"They've got me on my knees," I'd reply.

"I'd commit suicide, but I don't want to make the bastards happy."

And we'd put our arms around each other and cry. My fat genius, always with me when I needed him, but where is he as I need him now? In Hollywood, in Gastroenterology, in bowel runs--as he always put it--"through the colons of the stars." I know now that it was his zany laughter and his caring, and that of the two policemen of the Emergency Room--the two policemen, my Saviors, who seemed to know everything and who almost seemed to know it in advance--that had gotten me through the year. And despite the Fat Man and the policemen, what had happened in the House of God had been fierce, and I had been hurt, bad. For before the House of God, I had loved old people. Now they were no longer old people, they were gomers, and I did not, I could not love them anymore. I struggle to rest, and cannot, and I struggle to love, and I cannot for I'm all bleached out, like a man's shirt washed too many times.

"Since you drift off there so much, maybe you'd rather be back there after all," says Berry sarcastically.

"Love, it's been a bad year."

I sip my wine. I've been drunk much of the time we've been here. I've been drunk in the cafes on market day as the clamor ebbs in the market and flows in the bars. I've been drunk while swimming in our river, at noon the temperature of water, air, and body all the same, so that I can't tell where body ends and water begins and it's a melding of the universe, with the river curling round our bodies, cool and warm rushes intermingling in lost patterns, filling all times and all depths. I swim against the current, looking upstream where the winding riverpath rests in a cradle of willow, rushes, poplar, shadow, and that great master of shadow, the sun. Drunk, I lie in the sun on the towel, watching with blossoming arousal the erotic ballet of the Englishwomen changing into and out of swimsuits, glimpsing an edge of breast, a wisp of pubic hair, as so often I had glimpsed edges and wisps of nurses, as they changed into and out of their costumes before my eyes, in the House. Sometimes, drunk, I ruminate on the state of my liver, and think of all the cirrhotics I have watched turn yellow and die. They either bleed out, raving, coughing up and drowning in blood from ruptured esophageal veins, or, in coma, they slip away, slip blissfully away down the yellow-brick ammonia-scented road to oblivion. Sweating, I tingle, and Berry becomes more beautiful than ever. This wine makes me feel like I'm bathed in amnion, breathless, fed by the motherbloodflow in the umbilical vein, fetal, slippery and tumbling over and over in the warmth of the beating womb, warm amnion, warmnion. Alcohol helped in the House of God, and I think of my best friend, Chuck, the black intern from Memphis, who never was without a pint of Jack Daniel's in his black bag for those extra-bitter times when he was hurt extra bad by the gomers or the slurping House academics, like the Chief Resident or the Chief of Medicine himself, who were always looking at Chuck as illiterate and underprivileged when in fact he was literate and privileged and a better doc than anyone else in the whole place. And in my drunkenness I think that what happened to Chuck in the House was too sad, for he had been happy and funny and now he was sad and glum, broken by them and going around with the same half-angry, half-crushed look in his eyes that I'd noticed Nixon had had yesterday on our French TV, as he stood on the steps of the helicopter on the White House lawn after his resignation, giving a pathetically inappropriate V-for-defeat sign before the doors closed over him, the Filipinos rolled in the red carpet, and Jerry Ford, looking more flabbergasted then awed, put his arm around his wife and walked slowly back to the presidency. The gomers, these gomers . . .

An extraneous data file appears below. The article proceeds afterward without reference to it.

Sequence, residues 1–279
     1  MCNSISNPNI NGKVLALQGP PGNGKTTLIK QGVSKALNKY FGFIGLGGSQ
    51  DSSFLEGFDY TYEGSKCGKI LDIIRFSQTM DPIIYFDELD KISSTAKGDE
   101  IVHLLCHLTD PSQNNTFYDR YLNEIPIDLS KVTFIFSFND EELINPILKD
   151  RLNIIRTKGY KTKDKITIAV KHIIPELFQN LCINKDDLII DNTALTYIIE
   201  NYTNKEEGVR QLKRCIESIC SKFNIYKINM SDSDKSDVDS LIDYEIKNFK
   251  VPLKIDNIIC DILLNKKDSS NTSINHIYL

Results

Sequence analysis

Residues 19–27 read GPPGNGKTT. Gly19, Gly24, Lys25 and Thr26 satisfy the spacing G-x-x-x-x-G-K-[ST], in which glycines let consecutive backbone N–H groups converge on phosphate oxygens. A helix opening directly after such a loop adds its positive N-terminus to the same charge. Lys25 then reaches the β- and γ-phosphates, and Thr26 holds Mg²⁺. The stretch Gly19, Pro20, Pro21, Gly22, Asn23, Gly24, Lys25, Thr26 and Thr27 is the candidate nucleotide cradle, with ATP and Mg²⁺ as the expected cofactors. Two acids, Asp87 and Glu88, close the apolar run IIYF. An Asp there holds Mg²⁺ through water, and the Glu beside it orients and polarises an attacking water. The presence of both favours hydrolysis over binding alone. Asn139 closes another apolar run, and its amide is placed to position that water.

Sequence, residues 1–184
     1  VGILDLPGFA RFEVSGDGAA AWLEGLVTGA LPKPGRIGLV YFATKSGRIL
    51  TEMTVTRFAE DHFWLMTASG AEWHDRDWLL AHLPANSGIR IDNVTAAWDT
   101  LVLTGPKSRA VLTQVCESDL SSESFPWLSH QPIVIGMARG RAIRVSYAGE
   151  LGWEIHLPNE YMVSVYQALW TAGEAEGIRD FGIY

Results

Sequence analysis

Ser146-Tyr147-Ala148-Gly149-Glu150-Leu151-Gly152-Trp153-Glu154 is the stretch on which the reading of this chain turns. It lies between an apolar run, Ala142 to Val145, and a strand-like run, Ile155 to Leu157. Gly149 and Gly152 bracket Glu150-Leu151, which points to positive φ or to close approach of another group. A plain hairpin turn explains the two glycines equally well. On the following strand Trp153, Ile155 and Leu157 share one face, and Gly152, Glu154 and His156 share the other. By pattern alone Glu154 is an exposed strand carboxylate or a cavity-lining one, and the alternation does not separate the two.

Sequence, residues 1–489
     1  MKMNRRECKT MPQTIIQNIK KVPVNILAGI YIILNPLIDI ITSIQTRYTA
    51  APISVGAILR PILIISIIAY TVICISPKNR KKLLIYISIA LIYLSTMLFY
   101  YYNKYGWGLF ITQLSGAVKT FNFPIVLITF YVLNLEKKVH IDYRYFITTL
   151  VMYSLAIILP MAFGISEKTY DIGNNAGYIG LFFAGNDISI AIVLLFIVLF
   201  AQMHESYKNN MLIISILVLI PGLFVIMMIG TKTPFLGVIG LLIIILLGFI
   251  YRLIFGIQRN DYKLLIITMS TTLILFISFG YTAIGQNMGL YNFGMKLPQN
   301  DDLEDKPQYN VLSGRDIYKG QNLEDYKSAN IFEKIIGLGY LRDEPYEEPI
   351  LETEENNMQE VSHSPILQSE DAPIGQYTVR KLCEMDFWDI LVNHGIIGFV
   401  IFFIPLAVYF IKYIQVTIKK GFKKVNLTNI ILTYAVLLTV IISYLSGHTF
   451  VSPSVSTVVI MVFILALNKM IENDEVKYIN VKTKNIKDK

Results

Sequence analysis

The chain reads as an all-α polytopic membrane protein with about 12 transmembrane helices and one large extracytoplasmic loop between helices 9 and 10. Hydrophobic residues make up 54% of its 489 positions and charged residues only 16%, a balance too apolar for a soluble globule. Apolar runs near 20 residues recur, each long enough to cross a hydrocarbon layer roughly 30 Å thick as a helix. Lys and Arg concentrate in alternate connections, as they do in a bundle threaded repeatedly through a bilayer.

"Damnit, everything makes you think of those gomers," says Berry.

"I hadn't realized that I'd been thinking out loud."

"You never realize it, but these days, you always do. Nixon, gomers, forget about the gomers. There aren't any gomers here."

I know she's wrong. One lazy and succulent day, I am walking by myself from the graveyard at the top of the village, down the catnapping winding road overlooking the chateau, the church, the prehistoric caves, the square, and far below, the river valley, the child's-toy poplars and Roman bridge indicating the road, and the creator of all this, the spawn of the glacier, our river. I have never taken this path before, this path along this ridge. I am beginning to relax, to know what I knew before: the peace, the rainbow of perfections of doing nothing. The country is so lush that the birds can't eat all the ripe blackberries. I stop and pick some. Juicy grit in my mouth. My sandals slap the asphalt. I watch the flowers compete in color and shape, enticing the rape by the bees. For the first time in more than a year I am at peace, and nothing in the whole world is effort, and all, for me, is natural, whole, and sound.

I turn a corner and see a large building, like an asylum or a hospital, with the word "Hospice" over the door. My skin prickles, the little hairs on the back of my neck rise, my teeth set on edge. And there, sure enough, I see them. They have been set out in the sun, in a little orchard. The white of their hair, scattered among the green of the orchard, makes them look like dandelions in a field, gossamers awaiting their final breeze. Gomers. I stare at them. I recognize the signs. I make diagnoses. As I walk past them, their eyes seem to follow me, as if somewhere in their dementia they are trying to wave, or say bonjour, or show some other vestige of humanness. But they neither wave nor say bonjour, nor show any other vestige. Healthy, tan, sweaty, drunk, full of blackberries, laughing inside and fearing the cruelty of that laughter, I feel grand. I always feel grand when I see a gomer. I love these gomers now.